Real Property Appraisals: A PrimerA home purchase is the most significant transaction some people might ever encounter. Whether it's where you raise your family, an additional vacation home or one of many rentals, the purchase of real property is a complex financial transaction that requires multiple parties to see it through.
Most people are familiar with the parties taking part in the transaction. The most familiar person in the exchange is the real estate agent. Then, the lender provides the money required to bankroll the deal. Ensuring all details of the exchange are completed and that the title is clear to transfer to the buyer from the seller is the title company.
So who makes sure the property is consistent with the amount being paid? In comes the appraiser. We provide an unbiased opinion of what a buyer could expect to pay - or a seller receive - for a parcel of real estate, where both buyer and seller are informed parties. A professional Pennsylvania licensed appraiser from Craig Gehm Appraisals will ensure you as an interested party are informed.
Appraisals start with the home inspectionOur first duty at Craig Gehm Appraisals is to inspect the property to ascertain its true status. We must see aspects of the property first hand, such as the number of bedrooms and bathrooms, the location, amenities, etc., to ensure they truly exist and are in the condition a typical person would expect them to be. The inspection often includes a sketch of the house, ensuring the square footage is correct and illustrating the layout of the property. Most importantly, the appraiser identifies any obvious features - or defects - that would have an impact on the value of the property.
Once the site has been inspected, an appraiser employs two or three approaches when determining the value of the property: paired sales analysis and, in the case of a rental property, an income approach.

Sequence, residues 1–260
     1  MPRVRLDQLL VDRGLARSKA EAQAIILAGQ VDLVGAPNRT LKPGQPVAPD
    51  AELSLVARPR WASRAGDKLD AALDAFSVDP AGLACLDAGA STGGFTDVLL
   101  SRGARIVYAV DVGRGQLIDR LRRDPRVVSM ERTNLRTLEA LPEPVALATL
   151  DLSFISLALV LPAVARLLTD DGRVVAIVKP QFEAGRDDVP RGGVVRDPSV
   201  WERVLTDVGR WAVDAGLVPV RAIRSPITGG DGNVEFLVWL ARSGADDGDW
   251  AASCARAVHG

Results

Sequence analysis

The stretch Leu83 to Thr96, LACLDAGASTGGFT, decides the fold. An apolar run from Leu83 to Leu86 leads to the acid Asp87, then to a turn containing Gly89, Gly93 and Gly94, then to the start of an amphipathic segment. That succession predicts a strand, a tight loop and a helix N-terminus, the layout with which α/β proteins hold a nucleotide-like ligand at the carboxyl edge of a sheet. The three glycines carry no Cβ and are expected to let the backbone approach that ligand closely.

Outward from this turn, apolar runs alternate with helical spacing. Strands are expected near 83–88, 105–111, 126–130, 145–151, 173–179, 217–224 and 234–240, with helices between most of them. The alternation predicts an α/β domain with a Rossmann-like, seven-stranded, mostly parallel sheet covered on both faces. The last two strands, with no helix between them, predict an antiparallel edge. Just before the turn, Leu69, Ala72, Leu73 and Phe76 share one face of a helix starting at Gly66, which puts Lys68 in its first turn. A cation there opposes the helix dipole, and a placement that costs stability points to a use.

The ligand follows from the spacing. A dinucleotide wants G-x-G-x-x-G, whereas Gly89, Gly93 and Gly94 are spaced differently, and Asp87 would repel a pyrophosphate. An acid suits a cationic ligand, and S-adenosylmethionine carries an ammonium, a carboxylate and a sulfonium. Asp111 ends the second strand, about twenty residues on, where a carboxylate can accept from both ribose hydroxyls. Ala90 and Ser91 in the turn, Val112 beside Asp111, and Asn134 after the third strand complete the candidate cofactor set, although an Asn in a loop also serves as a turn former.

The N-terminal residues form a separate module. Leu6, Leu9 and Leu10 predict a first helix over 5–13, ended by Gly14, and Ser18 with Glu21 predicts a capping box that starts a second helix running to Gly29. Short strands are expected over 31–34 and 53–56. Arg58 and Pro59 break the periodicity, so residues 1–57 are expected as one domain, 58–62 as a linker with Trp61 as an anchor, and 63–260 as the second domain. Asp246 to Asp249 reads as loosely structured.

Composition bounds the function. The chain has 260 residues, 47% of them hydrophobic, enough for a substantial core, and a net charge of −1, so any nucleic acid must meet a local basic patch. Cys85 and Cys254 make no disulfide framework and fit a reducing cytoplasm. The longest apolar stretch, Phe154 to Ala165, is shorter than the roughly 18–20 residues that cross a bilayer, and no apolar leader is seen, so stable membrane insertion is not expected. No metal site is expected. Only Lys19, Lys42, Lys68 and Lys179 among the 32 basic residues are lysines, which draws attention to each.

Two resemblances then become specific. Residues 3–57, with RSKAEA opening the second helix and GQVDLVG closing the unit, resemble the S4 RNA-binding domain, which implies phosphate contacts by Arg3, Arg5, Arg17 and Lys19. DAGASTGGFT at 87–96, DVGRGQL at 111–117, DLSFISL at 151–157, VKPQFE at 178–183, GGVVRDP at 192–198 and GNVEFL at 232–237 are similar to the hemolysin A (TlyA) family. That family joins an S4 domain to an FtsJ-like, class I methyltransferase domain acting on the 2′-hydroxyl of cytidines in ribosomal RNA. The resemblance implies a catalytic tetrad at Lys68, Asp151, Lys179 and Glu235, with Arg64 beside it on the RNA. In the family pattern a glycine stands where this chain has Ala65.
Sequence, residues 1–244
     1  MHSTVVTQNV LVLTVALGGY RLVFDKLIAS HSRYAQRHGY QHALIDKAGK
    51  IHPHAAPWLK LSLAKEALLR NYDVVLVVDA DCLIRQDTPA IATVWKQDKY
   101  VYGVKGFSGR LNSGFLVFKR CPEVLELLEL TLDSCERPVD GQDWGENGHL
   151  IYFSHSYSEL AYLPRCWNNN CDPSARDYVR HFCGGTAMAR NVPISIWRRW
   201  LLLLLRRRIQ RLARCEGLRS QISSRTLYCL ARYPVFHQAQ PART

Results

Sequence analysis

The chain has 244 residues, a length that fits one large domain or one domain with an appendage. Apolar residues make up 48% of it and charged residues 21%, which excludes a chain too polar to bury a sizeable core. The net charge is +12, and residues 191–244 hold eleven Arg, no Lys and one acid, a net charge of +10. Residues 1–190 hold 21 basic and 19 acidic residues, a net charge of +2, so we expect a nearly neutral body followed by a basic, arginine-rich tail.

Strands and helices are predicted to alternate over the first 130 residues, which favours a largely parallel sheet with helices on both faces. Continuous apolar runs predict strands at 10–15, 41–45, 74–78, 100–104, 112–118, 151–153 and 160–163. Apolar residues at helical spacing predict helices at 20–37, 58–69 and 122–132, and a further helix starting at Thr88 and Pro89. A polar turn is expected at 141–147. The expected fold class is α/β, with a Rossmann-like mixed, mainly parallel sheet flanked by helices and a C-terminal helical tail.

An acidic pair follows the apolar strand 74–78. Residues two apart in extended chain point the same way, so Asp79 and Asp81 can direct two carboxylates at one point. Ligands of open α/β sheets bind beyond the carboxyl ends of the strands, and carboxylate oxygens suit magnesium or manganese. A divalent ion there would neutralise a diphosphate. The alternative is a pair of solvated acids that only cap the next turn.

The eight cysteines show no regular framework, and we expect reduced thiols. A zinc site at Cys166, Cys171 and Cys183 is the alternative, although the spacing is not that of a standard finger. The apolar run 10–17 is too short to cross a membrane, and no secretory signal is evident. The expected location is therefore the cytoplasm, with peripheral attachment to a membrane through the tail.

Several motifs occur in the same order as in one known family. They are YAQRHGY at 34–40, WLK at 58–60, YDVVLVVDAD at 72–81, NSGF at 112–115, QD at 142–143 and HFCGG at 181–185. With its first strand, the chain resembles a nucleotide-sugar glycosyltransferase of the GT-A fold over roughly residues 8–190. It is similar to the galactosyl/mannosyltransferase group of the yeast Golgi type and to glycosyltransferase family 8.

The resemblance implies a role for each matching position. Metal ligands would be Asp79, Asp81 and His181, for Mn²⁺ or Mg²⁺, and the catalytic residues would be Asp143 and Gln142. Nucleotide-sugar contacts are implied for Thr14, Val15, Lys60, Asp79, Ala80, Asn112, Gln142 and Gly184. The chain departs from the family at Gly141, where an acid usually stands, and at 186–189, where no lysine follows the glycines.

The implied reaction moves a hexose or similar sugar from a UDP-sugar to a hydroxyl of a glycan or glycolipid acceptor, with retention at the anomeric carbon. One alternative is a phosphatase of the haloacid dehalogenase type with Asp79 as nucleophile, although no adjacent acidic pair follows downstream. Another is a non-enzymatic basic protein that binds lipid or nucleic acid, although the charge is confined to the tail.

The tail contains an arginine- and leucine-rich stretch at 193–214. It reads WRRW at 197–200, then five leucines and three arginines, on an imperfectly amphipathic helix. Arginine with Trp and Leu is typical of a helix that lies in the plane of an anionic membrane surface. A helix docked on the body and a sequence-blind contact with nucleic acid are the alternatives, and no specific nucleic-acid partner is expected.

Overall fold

Replacement CostHere, the appraiser uses information on local building costs, the cost of labor and other factors to figure out how much it would cost to construct a property similar to the one being appraised. This figure often sets the upper limit on what a property would sell for. The cost approach is also the least used method.
Analyzing Comparable SalesAppraisers can tell you a lot about the subdivisions in which they work. We thoroughly understand the value of specific features to the homeowners of that area. Then, the appraiser looks up recent transactions in the vicinity and finds properties which are 'comparable' to the property in question. By assigning a dollar value to certain items such as square footage, additional bathrooms, hardwood floors, fireplaces or view lots (just to name a few), we add or subtract from each comparable's sales price so that they more accurately match the features of subject.
Valuation Using the Income ApproachIn the case of income producing properties - rental houses for example - we may use a third approach to value. In this situation, the amount of revenue the property yields is factored in with income produced by nearby properties to determine the current value.
ReconciliationExamining the data from all applicable approaches, the appraiser is then ready to stipulate an estimated market value for the subject property. Note: While the appraised value is probably the best indication of what a house would sell for in an open market, it may not be the price at which the property closes. There are always mitigating factors such as the seller's desire to get out of the property, urgency or 'bidding wars' that may adjust the final price up or down. Regardless, the appraised value is typically used as a guideline for lenders who don't want to loan a buyer more money than they could recover in the event they had to put the property on the market again. At the end of the day: An appraiser from Craig Gehm Appraisals will help you discover the most fair and balanced property value, so you can make profitable real estate decisions.